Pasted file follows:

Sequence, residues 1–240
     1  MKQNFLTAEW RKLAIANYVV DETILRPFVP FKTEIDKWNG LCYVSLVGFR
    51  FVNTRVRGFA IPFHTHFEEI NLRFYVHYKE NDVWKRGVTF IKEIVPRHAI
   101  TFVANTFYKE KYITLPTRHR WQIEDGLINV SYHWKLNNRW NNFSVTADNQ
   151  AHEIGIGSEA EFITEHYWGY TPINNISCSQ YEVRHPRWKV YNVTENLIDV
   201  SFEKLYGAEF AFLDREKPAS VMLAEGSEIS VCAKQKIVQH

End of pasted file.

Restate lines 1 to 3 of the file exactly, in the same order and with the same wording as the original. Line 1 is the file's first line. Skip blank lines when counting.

Sequence, residues 1–240
     1  MKQNFLTAEW RKLAIANYVV DETILRPFVP FKTEIDKWNG LCYVSLVGFR
    51  FVNTRVRGFA IPFHTHFEEI NLRFYVHYKE NDVWKRGVTF IKEIVPRHAI